#1
Hello,

I heard that exciters can give distorted guitars that wall of sound effect or something.

Anything else I should know about them?
#2
Basically they make a signal seem brighter and more intelligible which allows it to cut through a mix better. I wouldn't say it makes it seem like a wall of guitars but it will enhance them and bring out some clarity and definition to your tones.

A better way to go about getting a 'wall of sound' from guitars, is to simply double the riff, lick, etc. Nothing makes a 'wall of sound' better than multi-tracked guitars.

#3
I already double track my guitars and was wondering if this will improve them a bit when I'm doing metal/shreddy stuff

Thanks for the info man....I guess with a little bit of taste I could make the sound seem bigger.
#4
It all comes down to how you want to improve them. An Aural Exciter is going to bring out clarity and brighten whatever you use it on. So if that's what you're after it's obviously a good bet. If you're just trying to make them bigger you could do a number of things.

You could record more doubles. It's not strange to have 8 of the same guitar part in some cases.

Play with panning your doubles out in stereo. This will widen the image of the guitar, making it seem larger

You could also opt for a slight delay to thicken them. We're talking short delay with little feedback/regen aka don't have a lot of repeats.

You could also mix other elements in your mix to seem smaller, making your guitars seem larger by comparison. Most people simply try to push everything to be bigger when sometimes it is easier to subtract than it is to add. Remember, only one element to your mix can be biggest.

#6
Quote by Zeppelin Addict

You could also mix other elements in your mix to seem smaller, making your guitars seem larger by comparison. Most people simply try to push everything to be bigger when sometimes it is easier to subtract than it is to add. Remember, only one element to your mix can be biggest.



All good advice, but this point especially is SO overlooked. In a room full of giants, nobody seems especially tall. Take a room full of kindergarten kids and the 5'4" Kindergarten teacher seems quite tall. Listen to a lot of mixes that make you notice how huge the guitars are, and you will often find that the drums are, by comparison, quite small.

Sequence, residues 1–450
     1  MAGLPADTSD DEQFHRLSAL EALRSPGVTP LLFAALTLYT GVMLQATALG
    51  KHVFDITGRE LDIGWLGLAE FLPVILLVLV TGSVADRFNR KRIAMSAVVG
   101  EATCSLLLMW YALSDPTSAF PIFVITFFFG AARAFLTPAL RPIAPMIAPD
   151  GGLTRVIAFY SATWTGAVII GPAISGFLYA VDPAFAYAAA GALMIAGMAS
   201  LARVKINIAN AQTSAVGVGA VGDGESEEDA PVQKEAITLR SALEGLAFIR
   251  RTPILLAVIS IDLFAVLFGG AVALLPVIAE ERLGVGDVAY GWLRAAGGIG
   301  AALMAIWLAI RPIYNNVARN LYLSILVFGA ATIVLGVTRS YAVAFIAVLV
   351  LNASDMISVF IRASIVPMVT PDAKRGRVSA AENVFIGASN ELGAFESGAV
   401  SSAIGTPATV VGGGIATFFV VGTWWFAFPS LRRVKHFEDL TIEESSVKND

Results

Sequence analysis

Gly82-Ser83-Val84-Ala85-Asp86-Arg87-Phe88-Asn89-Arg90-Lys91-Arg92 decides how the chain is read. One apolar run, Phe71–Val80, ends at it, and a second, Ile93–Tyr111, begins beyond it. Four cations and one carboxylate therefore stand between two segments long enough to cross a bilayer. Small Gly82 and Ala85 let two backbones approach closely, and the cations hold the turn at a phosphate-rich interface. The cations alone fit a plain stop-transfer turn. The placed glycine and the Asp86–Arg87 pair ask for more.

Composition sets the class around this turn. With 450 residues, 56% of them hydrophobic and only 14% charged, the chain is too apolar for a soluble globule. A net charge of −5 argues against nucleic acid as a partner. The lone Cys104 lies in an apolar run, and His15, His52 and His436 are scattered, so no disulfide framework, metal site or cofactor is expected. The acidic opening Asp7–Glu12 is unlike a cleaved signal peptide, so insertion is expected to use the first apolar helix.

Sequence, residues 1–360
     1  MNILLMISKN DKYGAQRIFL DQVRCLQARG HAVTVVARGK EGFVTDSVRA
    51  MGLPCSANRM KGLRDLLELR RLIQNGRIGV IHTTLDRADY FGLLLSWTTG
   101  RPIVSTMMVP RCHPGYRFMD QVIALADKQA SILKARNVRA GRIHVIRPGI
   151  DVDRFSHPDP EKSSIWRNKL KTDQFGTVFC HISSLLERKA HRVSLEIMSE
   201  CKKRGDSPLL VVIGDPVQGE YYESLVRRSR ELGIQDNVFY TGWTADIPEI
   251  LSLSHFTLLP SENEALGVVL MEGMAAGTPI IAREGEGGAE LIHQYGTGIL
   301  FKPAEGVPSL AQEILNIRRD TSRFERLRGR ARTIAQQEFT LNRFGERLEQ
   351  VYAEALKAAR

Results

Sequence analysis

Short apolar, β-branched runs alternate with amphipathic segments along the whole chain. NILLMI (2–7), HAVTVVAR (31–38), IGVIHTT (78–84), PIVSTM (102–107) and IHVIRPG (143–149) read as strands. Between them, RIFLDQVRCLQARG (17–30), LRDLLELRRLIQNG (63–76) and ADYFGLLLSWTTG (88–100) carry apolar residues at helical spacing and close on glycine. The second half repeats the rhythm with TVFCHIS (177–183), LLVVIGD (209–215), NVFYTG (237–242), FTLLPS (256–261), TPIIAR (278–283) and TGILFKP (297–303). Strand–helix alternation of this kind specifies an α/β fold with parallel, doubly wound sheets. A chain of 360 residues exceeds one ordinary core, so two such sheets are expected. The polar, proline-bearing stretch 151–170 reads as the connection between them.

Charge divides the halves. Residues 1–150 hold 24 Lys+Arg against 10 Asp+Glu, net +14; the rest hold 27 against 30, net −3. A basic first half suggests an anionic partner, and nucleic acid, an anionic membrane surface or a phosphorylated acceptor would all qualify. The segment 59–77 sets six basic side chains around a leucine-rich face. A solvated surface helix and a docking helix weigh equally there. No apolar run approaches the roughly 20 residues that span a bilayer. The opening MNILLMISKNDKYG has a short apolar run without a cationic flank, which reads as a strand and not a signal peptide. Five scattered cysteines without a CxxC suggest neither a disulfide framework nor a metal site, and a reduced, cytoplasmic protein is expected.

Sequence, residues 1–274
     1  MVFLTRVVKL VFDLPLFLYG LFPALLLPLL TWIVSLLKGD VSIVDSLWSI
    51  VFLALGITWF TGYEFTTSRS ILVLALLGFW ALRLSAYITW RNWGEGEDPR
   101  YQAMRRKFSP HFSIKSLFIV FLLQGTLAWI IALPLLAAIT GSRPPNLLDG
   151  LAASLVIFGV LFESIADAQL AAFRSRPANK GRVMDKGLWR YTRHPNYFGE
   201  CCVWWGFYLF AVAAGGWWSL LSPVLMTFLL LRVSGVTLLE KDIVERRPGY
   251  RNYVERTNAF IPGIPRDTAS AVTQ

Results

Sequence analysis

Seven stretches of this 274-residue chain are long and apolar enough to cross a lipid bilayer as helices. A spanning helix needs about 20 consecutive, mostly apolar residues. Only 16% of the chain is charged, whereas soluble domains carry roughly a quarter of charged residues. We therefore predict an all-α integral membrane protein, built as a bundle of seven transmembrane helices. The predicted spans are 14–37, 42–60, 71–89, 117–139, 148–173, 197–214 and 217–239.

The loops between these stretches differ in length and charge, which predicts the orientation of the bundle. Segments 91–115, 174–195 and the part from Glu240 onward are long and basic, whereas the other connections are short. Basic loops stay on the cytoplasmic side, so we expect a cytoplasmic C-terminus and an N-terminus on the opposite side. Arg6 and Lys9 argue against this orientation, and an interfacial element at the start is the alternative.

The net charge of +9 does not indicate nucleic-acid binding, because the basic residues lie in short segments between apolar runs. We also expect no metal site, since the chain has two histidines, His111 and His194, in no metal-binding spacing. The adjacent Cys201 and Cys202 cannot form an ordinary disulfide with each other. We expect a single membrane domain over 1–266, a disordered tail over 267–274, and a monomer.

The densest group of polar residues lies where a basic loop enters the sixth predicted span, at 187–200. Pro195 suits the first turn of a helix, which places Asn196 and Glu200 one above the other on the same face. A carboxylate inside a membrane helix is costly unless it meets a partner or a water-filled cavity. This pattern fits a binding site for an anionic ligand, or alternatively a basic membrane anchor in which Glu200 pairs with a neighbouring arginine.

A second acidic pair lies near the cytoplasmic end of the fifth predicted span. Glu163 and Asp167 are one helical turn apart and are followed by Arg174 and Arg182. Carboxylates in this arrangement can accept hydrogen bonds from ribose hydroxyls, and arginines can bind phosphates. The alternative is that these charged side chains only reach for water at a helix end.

Quote by Zeppelin Addict

You could record more doubles. It's not strange to have 8 of the same guitar part in some cases.


One caution here, though.... you will get to a point where you are actually defeating your own purpose and working against yourself. Take that room full of giants. Keep throwing giants into the room. Now you've got so many giants that all you see are arms and legs and feet. At that point, it is hard to tell how big they are.

The punch of the guitars lives in the space around them. Too many layers of guitars means plugging up all of that space around them, making your guitar mix like the room full of giants. You don't see giants anymore. You see arms and legs and feet. Zoom the camera out a bit, get rid of some giants, and then you see a couple of giants in a room full of regular-sized people and regular-sized furniture, and the giants actually seem a lot bigger again.

CT
Could I get some more talent in the monitors, please?

I know it sounds crazy, but try to learn to inhale your voice. www.thebelcantotechnique.com

Chris is the king of relating music things to other objects in real life.
#7
To be honest, it's a solution to a problem that shouldn't really exist in the first place.

Mic up your guitars well, mix properly, and you shouldn't need any kind of gimmicky plugin. Exciters have their uses, but a 'wall of sound' is pretty much just multiple tracks of well-recorded, well-performed guitar.

When I'm doing 'wall of sound' mixes I generally use two tracks had panned left and right (same guitarist playing the same part twice), and another two tracks (using different guitar part/tone/amp etc) at about 50-80% left and right.